Rutgers coach Mike Rice won’t criticize foul officials

Graham Watson
The Dagger: College Basketball Blog

Officials have not been kind to Mike Rice during his last two postseason appearances, but you'll never hear him publicly gripe about it.

That's because Rice, the first year Rutgers head coach, constantly preaches to his players that they can't control everything and for him to act emotionally about a call that was out of his control would contradict all that he's trying to teach.

But no one would have blamed Rice if he wanted to yell and scream Wednesday evening after a poorly officiated final minute cost his Knights an opportunity to advance in the Big East Tournament.

"You can't control what happens to you all the time, you just can't," Rice said. "Whether it's a bad call, our zone defense, whatever, it's not how you respond."

St. John's defeated Rutgers 65-63 in the second round, but it was a bizarre final minute, which included two lead changes, a couple turnovers, some missed foul calls and a pair of missed free throws, that set up the most controversial final seconds in recent memory. St. John's Justin Brownlee stole a Rutgers inbounds pass, then in celebration and apparently thinking that time had run out, he ran out of bounds, traveled and threw the ball into the stands. None of it was called even though Brownlee's foot crossed the sideline with 1.7 seconds remaining, which would have given Rutgers one final opportunity to win or tie.

"In the Big East, (officials Tim) Higgins, (Jim) Burr, (Earl) Walton are all really good, veteran guys and you have to trust they made the right judgment decision and if they didn't it's part of the game," Rice said. "We could have done stuff like not shooting 35 percent in the first half of the game."

This is the second consecutive postseason that a Rice-led team has been the victim of poor officiating.{YSP:MORE}

During the first round of the NCAA Tournament, while Rice was the head coach at Robert Morris, the officials seemed to favor opponent Villanova down the stretch. Villanova star Scottie Reynolds was 2-of-15 from the field but shot 16 free throws and got away with several offensive fouls. No. 15 Robert Morris shot 26 free throws while No. 2-seeded Villanova shot 40, including a 10-2 margin in the final 4 minutes of regulation; Robert Morris had a 55-48 lead at the beginning of that stretch. Robert Morris, which led most of the game, ended up losing 73-70 in overtime.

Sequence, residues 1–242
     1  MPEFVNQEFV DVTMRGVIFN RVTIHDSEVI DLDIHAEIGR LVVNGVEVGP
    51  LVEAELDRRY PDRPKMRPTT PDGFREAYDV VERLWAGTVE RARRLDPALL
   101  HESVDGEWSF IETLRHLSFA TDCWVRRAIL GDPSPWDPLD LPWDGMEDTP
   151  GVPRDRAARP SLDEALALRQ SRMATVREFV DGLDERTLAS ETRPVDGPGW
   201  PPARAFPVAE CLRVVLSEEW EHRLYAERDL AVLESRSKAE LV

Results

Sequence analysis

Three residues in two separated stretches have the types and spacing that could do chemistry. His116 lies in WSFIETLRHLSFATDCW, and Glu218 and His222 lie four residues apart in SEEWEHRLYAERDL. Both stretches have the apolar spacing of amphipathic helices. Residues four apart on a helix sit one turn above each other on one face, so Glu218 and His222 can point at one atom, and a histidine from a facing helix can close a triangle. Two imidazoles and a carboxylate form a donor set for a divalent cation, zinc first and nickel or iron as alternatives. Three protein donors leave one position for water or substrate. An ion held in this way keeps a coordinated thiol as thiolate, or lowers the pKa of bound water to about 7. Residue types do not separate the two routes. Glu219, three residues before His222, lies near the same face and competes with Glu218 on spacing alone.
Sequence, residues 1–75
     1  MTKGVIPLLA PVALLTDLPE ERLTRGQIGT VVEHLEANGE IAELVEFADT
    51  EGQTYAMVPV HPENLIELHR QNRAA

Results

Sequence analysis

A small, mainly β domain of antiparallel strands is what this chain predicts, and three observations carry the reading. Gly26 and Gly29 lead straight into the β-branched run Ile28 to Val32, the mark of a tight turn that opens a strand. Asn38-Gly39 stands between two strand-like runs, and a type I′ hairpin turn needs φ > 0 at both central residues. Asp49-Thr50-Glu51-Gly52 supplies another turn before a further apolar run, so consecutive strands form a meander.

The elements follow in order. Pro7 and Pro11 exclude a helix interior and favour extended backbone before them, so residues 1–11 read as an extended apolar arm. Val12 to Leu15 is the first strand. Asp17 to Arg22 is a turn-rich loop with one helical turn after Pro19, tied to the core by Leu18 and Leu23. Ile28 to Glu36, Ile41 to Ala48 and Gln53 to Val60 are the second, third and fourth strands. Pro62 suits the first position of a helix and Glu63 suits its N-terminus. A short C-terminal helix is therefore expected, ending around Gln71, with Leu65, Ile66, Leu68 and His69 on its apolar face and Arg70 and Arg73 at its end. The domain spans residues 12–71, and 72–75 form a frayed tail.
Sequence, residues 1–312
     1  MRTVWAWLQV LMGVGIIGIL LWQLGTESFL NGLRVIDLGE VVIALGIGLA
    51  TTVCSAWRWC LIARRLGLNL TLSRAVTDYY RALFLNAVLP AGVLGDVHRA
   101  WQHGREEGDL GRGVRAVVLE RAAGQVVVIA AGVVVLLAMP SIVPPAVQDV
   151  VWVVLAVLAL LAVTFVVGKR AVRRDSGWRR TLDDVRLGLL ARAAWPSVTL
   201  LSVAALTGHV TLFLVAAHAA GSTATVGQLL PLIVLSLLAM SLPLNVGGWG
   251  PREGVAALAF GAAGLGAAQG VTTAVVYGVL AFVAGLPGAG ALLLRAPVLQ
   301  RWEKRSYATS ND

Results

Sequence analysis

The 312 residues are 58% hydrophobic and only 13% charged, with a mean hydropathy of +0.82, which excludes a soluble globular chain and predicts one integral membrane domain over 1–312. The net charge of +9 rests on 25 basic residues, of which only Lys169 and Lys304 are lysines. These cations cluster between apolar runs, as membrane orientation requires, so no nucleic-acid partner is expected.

It was during that game that Rice quickly learned that overreacting to calls didn't equate respect.

"I probably (could have) acted with more poise and less emotional, (then the officials) probably would have come over to me," Rice said after the Villanova game in response to a potential jump ball that was called a foul. "But they don't come over to people who are emotionally challenged at that point. And I know it."

Rice's attitude toward officiating might seem blasé, but it's something he learned from his dad, Mike Sr., who was a coach and has been the Portland Trail Blazers television analyst for the past 21 years. Rice said it's also about knowing just how far you can push as new coach in a new league.

"I like my job," Rice said. "I'm a first-year coach. I'm certainly not going to question some of the best referees in the country, their judgment or their decisions. So you just be humble and understand where you are, your place in the Big East. I'm sure some of the more veteran coaches in Big East would have made maybe a bigger stink, but that's not the way I feel on that right now."

But Big East associate commissioner for men's basketball Daniel Gavitt and coordinator of basketball officiating Arthur Hyland both paid their respects to the coach after the game was over.

"They felt just as upset about it for our players," Rice said. "Their insides were turned because they represent the referees, the referees represent them and they want to make sure that everybody has a fair advantage. Again, it's hard to apologize, but those guys came and said, 'Look, here's what mistakes were made. We can't take is back, but we feel bad about it.'"

While Rice said he's encouraging his team to look forward and think about the progress that was made in his first season, it's still hard not to ask, what if?

"I would have loved to have the 1.7 seconds back, I'm not going to lie, but (officials) make mistakes," Rice said. "They make mistakes and you've just got to move forward. I've gotten calls from all three referees. I've had them numerous times and they're really good referees and they're really good people. It's just one of those things where I wish for my seniors, who might not even play in the pros or go overseas, guys who are just going to get jobs, I wish that didn't have to be their lasting memory of their college career. But, like I said, it is what it is and you move forward."

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